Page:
For the series’ background art, it would be another foreign eye which would help capture the look the producers wanted.
“I came from the Czech Republic,” said veteran artist and illustrator Richard Zaloudek, who like Smit had worked on Footrot Flats.
Despite the “crazy workload … hoping I didn’t get sick, I had no assistant” Zaloudek describes his Li’l Elvis experience as “a wonderful time”, saying of Viska “considering he never worked with me before, he trusted me completely”.
Rove’s first 9 to 5
One of those who joined the Li’l Elvis team was Rove McManus, who had come to Melbourne from Perth to pursue a career as a comedy performer.
Still, he persisted, convincing the producers he would be an asset in whatever role they could give him.
“I really cared, I was really invested in the show, I was passionate about animation and wanted the series to succeed,” he said.
McManus said at the time the Li’l Elvis production was beginning “I had only been in Melbourne a year or so”.
For much of the series, McManus was working with painted backgrounds and animation cels, using a flatbed scanner to import thousands of images into what was at the time a state-of-the-art computer system.
“I’d sit there for ages trying to get the colour balance right,” he remembered. “It wasn’t great technology.”
By the late 1990s, image-scanning technology had improved, but still struggled to capture the beautifully painted scenes, with their wide range of reds, oranges, yellows and violet hues.
After that dressing down, “I worked hard and got it right”, he said — figuring out through trial and error what worked and what didn’t, keeping a notebook of scanning settings to achieve the desired result.
It worked — and perhaps impressed the producers just enough to allow him to voice a character in the Monkey Sea, Monkey Doo episode.
McManus would go on to become a successful comedian, television and radio presenter and producer, winning three Gold Logies — the award for the most popular personality on Australian television, as voted by the public.
Producer Susie Campbell said by the end of season two, “we all just needed a rest”.
“Li’l Elvis was an animated drama series. It was not developed as an ongoing cartoon, but as a full drama with a story arc over the 26 episodes that had a start, a middle and an end. Ongoing cartoon series, as opposed to animated dramas, were not eligible for Australian funding at the time.
“The ACTF did not see it’s role as continuing in animation production, more so as forging a market for it and then stepping back.”
For those who learnt their craft on the show, the experience of working on Li’l Elvis still holds fond memories.
Mark Sheard, the youngest trainee in the Li’l Elvis team, still works in animation.
“It’s still the best production and community I have ever worked with. I guess that’s why I’m still here, chasing that dream to work with so many amazing people again,” he said.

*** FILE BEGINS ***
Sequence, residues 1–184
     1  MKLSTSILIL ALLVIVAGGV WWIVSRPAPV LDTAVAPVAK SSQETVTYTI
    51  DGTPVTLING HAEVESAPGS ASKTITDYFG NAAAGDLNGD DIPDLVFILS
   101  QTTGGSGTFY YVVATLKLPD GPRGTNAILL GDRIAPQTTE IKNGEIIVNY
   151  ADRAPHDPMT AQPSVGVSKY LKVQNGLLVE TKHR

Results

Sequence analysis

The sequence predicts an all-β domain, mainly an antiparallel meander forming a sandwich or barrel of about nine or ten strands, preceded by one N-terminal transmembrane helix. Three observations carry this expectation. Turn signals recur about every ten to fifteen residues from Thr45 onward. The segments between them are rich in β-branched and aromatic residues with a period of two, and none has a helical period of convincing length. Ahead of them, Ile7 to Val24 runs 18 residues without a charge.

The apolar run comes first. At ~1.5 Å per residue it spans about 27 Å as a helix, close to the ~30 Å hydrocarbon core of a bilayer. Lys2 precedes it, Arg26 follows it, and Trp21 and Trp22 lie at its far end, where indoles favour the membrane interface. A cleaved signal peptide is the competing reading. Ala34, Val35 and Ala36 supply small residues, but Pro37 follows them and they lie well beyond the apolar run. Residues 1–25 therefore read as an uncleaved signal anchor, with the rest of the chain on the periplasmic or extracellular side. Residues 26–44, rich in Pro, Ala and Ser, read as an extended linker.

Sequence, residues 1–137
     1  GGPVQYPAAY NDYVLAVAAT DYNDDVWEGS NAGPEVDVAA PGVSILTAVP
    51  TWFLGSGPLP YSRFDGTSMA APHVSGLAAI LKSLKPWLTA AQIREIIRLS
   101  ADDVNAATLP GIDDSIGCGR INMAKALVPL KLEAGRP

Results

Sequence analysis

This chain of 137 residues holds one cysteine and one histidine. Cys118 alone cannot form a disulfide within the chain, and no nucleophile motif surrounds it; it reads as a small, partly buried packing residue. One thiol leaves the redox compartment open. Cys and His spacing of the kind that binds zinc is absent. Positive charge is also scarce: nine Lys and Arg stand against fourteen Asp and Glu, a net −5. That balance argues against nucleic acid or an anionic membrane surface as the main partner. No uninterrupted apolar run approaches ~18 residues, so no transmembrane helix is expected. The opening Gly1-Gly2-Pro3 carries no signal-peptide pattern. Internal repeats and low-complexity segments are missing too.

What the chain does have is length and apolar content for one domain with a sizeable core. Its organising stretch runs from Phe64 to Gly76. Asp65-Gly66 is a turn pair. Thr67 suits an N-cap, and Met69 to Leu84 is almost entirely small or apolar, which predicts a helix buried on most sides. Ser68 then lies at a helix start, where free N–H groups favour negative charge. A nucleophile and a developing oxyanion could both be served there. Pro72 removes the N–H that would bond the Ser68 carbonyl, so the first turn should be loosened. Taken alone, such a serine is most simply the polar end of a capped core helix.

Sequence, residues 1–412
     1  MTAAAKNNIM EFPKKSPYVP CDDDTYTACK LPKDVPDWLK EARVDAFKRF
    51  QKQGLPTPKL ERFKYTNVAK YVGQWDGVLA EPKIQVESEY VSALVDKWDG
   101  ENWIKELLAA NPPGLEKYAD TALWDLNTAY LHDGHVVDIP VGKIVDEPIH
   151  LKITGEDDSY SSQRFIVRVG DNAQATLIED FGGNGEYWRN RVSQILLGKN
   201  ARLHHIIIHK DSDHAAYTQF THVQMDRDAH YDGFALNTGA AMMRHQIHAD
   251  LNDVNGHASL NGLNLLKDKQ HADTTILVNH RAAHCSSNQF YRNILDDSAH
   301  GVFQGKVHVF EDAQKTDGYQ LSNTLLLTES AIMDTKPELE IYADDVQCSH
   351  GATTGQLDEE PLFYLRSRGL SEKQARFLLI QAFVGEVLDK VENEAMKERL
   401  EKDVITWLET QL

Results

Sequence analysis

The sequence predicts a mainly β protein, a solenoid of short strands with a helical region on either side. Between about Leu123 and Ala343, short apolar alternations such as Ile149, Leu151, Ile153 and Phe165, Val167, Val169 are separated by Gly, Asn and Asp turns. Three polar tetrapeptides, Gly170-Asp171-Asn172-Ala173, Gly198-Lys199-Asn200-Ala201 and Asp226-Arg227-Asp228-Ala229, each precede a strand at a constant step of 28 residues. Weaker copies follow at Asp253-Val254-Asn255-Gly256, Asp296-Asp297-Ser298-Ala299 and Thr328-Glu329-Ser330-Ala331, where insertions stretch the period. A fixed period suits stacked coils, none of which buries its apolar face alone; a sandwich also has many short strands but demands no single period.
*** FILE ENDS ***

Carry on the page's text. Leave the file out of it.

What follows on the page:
Ariel Waymouth, who started at Li’l Elvis as an animation checker, stayed in the industry and is now with VicScreen as a production executive focused on children’s content.
“I also had to count the frames for each scene daily and calculate each animators’ quota,” she said.
Current chief executive of the ACTF, Jenny Buckland, said Li’l Elvis was a game changer.
“It was popular at the time and demonstrated that Australian landscapes and accents in animation would appeal to Australian kids, but I think we are only just beginning to realise the impact of this.
“We’re finding that many of the people working here in animation today … were inspired by Li’l Elvis growing up. They seemed to absorb that it had been made here, that it was somehow different to a lot of the other animation they were watching, and this has inspired a sense of believing they might follow a creative path.”
Andi Spark, who would later help set up the studio which would produce international smash hit Bluey, said the blue dog owed Li’l Elvis a debt.
Bill Ten Eyck said a show like Li’l Elvis would simply not get made today and is scathing of the current level of support for the Australian arts, saying “consecutive governments” have “waged an ideological jihad” on the sector.
“The short-sightedness regarding the destruction of the local arts industry is the saddest thing I’ve seen in 30 years,” he said.
“These days I am a teacher [of drama] … how do I tell kids they should go into the arts?”
Second coming of the King?
For fans of the show keen for an encore from Li’l Elvis, Janet and Lionel, there is a glimmer of hope.
The ABC can reveal work is underway on a stage show musical, which producer Tim Loydell says is “re-imagining the classic television program for a whole new generation of Australian audiences”.
Loydell said the series was “tipped to take to the stage in 2023”.